Spending an hour in the company of James Carney, Brice Stratford, Joey Timmins and The Unseen Hour is a bit like getting on one of those rollercoaster rides. It’s a gravity defying journey that turns your expectations inside out and upside down—and, as it gathers speed, leaves you realising that whatever notions of “real” you may have had at the start—well, forget reality, hang onto your hat, and for sixty minutes, just enjoy the ride. This is another theatre production presented as a “live radio broadcast,” (and this seems to be a thing on the London Fringe right now). Creator, writer and producer Carney has gained something of a cult following by making podcasts of fifty of these shows. Yes, fifty. So if you’re wondering what you’ve missed by not attending The Unseen Hour’s only appearance at the 2019 London Horror Festival at the Pleasance Theatre in Islington, fear not. You can revel in the experience either through your favourite podcast app, or, if you’re old school like me, catch the visuals and the audios by finding it on You Tube. Carney promises that number fifty one, which was performed last night, should shortly be joining its siblings online.
How to describe a show that begins by describing a dystopian future where a narcissistic scientist finds himself battlling robots and an evil corporation, to protect mutating teenagers? You could be forgiven for thinking that the future is already here. What sets Carney’s show apart though, is the way in which he and the company loop back into the past for their inspiration. Billed as a mashup of Welcome To Night Vale and The Goon Show, or Blackadder and The Twilight Zone, The Unseen Hour does indeed borrow its characterisations and voices from these earlier classics. But don’t arrive expecting the sleek production values of those past television shows. The stage is a mess of microphones and oddities for making live foley sound effects. The actors dress in costumes utterly unrelated to any character they might be playing. It doesn’t matter. We’ve come to listen to the voices, and any visuals are just comic icing on the cake.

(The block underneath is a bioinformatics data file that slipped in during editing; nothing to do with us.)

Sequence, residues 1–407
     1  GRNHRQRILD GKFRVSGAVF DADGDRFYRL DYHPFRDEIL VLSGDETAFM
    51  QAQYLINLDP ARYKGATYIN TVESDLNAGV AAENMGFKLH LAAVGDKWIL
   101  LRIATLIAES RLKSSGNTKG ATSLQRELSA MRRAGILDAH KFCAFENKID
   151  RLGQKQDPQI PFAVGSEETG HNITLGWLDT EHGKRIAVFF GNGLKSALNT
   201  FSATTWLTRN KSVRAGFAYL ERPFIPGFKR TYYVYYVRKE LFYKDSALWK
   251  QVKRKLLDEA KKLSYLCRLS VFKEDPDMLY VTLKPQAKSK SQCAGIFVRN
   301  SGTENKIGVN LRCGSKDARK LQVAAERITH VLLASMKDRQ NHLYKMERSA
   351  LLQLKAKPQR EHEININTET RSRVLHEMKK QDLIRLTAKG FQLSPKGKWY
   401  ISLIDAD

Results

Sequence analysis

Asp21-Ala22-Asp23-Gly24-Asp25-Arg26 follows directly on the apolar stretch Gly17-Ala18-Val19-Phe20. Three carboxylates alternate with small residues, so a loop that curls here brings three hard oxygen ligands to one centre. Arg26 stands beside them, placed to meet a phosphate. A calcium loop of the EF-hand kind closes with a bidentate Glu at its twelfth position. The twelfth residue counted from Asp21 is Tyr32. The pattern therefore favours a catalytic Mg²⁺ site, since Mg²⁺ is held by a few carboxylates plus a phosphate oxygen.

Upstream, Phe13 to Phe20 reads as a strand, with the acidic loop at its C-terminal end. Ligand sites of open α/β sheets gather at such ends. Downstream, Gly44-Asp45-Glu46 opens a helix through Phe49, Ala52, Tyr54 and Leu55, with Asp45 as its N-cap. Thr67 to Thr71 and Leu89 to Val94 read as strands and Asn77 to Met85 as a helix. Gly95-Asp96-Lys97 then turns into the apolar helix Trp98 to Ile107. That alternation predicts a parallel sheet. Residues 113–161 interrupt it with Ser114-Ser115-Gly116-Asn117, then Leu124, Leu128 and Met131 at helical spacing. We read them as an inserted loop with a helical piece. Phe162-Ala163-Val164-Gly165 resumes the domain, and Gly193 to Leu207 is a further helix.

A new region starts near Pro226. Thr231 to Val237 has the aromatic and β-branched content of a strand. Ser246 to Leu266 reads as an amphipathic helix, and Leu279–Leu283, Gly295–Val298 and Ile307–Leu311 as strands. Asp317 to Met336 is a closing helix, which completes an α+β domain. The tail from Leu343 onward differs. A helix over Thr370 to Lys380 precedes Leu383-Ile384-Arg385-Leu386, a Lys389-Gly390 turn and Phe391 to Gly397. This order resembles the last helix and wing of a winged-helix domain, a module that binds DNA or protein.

Voices are the strength of these performers, and they provide a dizzying array of different characters, all with distinct accents. What gives the show its unique charm however, are the bumbling asides as the three performers juggle parts, sound effects and direct address to audience members—whom they seem to know a lot about. It gives the show an authenticity of being part of the experience that goes beyond removing the fourth wall. And there is an established pattern to the show, despite the running gags, anarchic storylines and just-in-time performance styles. Every show, including this one, includes a guest monologue and a guest musician. It gives Carney, Stratford and Timmins (and the audience) a chance to catch their collective breath. Anna Maguire (the monologue performer) and Kevin Maguire (the musician) on this evening, provided a welcome (and talented) change of pace at each interval.
It’s easy to get hooked on this kind of dramatic experience. That said, it is a bit bewildering for the first time visitor. There’s not really any “tune in” time, because the performers jump right in with their stream-of consciousness monologues and random associations, and assume you can keep up. As said before, it’s best to let go of expectations and be carried along in the show’s slipstream. As ancient sages have so often remarked, it’s not the destination that’s important, it’s the journey.
Reviewed by Dominica Plummer
The Unseen Hour
Pleasance Theatre as part of London Horror Festival